- The murder next door: Hearing the Stop-N-Go shooting
- Brief: Trustee Paul Diaz resigns
- U of L announces self-imposed postseason ban
- U of L kicks off capital campaign for stadium expansion
- Off-campus convenience store employee shot, killed
- Ramsey leads tense discussion on provost search
- Football signs 23 prospects on National Signing Day
- Proposed budget cuts, new building discussed in faculty senate
- SGA announces candidates for 2016 election
- Gallery: Louisville defeats second-ranked UNC
Social media breaks the communication mold
As a society we have become heavily reliant on social media. Countless celebrities have been the victims of online death hoaxes, which in order to become popular and circulate, must generate millions of mentions or views. Amanda Bynes’ Twitter account alone is an endless source of entertainment and news for both the population at large, and media news personnel. At times, this reliance is useful.
“If you are trying to reach friends or family and can’t get through via phone, try texting instead (less bandwith),” tweeted the Massachusetts Emergency Management Agency. Many runners and spectators, in addition to cell phone use, took to social media as well.
Not only did those outside of the city discover news of the tragedy via social media, but in the aftermath of the Boston Marathon bombing, many were unable to locate loved ones due to the blockage of traffic in and out of the bomb site, and loss of cell phone service.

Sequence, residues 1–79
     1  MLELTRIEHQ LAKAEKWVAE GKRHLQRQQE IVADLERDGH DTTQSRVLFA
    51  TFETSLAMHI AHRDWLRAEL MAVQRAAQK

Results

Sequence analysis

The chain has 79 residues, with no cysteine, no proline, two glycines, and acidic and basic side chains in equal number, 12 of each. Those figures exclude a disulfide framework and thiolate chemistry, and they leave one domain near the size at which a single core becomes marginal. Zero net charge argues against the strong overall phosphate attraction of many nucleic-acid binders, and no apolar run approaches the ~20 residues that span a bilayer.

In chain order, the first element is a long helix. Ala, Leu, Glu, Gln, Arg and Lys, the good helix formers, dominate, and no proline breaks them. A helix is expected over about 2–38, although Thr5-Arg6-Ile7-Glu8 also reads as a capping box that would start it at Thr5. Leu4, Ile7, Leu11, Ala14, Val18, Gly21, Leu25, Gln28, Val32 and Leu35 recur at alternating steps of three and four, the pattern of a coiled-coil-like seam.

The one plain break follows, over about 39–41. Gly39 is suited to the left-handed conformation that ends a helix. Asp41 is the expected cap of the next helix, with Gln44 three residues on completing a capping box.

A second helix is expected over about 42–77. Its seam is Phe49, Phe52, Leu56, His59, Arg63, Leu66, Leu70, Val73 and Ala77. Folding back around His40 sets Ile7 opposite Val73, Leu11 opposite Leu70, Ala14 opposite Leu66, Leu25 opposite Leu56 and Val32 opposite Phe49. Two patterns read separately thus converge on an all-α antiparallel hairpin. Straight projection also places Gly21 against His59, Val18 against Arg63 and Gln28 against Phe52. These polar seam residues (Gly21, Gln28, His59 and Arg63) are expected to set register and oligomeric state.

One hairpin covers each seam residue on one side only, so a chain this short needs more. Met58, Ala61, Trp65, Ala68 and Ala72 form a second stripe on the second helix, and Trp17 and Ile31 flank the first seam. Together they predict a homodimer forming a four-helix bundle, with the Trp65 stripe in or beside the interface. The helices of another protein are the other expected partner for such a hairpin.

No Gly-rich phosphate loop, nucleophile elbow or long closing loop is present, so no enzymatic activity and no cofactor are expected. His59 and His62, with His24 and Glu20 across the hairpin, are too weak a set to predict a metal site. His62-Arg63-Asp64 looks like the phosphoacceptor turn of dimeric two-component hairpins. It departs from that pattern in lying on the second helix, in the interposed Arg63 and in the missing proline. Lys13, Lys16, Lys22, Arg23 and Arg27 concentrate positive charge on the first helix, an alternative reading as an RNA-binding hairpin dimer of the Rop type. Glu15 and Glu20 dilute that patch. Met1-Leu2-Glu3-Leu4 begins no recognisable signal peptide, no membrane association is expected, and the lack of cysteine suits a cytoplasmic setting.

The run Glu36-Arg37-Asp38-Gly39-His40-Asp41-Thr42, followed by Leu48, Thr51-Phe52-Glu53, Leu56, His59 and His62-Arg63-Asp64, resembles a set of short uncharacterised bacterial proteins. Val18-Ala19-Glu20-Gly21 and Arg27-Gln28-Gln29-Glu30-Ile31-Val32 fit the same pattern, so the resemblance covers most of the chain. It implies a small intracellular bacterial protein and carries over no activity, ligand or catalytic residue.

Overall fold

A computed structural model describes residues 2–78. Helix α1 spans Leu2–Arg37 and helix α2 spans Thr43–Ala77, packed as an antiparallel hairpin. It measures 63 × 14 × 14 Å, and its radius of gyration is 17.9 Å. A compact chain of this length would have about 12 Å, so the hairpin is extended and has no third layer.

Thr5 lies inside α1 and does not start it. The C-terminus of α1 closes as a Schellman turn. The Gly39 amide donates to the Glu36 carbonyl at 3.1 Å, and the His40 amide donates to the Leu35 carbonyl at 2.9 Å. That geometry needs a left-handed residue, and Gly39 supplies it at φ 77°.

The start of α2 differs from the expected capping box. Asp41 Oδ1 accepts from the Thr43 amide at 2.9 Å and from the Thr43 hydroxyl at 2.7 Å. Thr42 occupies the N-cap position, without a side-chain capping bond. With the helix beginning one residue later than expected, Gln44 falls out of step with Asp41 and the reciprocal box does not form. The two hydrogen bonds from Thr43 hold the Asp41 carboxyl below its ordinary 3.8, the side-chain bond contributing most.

CEO and founder of the social media sites Dodgeball and Foursquare, Dennis Crowley, was a spectator at the Marathon. No more than ten minutes after the attack, he tweeted, “I’m ok. about 20k of us in corral just before mi 26 marker. @chelsa ok too”. Countless others sent out similar tweets, Facebook statuses, and posts to assuage fears.
Social media also became a beacon of hope, #PrayforBoston and #Boston trending worldwide for hours on Twitter. The Boston hashtag continued trending in the United States as of last Tuesday morning, on both twitter and instagram.
While generally, the Internet is used as a tool for escapism and general procrastination, it is times such as these in which one is reminded of the good social media has to offer. Given its frequent misuse — take a gander at the comment section of any YouTube video — it is refreshing to see the World Wide Web come together in such a cohesive manner.
In their apprehension of one of the two bombing suspects, Dzhokar Tsarnaev, 19, the Boston Police Department also used Twitter to warn their constituents to stay indoors. The organization has 158,452 followers — not quite a quarter of the population of the City of Boston, 625,087. They may have stepped a little too far into the social media haze, in this instance. Reverse 9-1-1 calls seem a more effective route, in comparison. News of this information was also broadcast live, warning residents of Watertown, Newton, Brookline, Belmont, Waltham, Cambridge, and Allston-Brighton to stay indoors; that all businesses were closed.
Similarly, the Massachusetts Emergency Management Agency has 20,705 followers on Twitter — 3.31-percent of the Bostonian population, and .312-percent of the state total 6,646,144 as of the July 2012 census. It is unlikely that many who had taken to non-telecommunicative routes had viewed the MEMA’s advice and likely that they simply went about it on their own. Large institutions such as the police force and the Emergency Management Agency are best suited to addressing the public in the standard venue, as citizens have not yet come to see social media as an information source in that sense. While an understandable decision from a public relations standpoint, overall, it is flawed.
Photo courtesy of twitter.com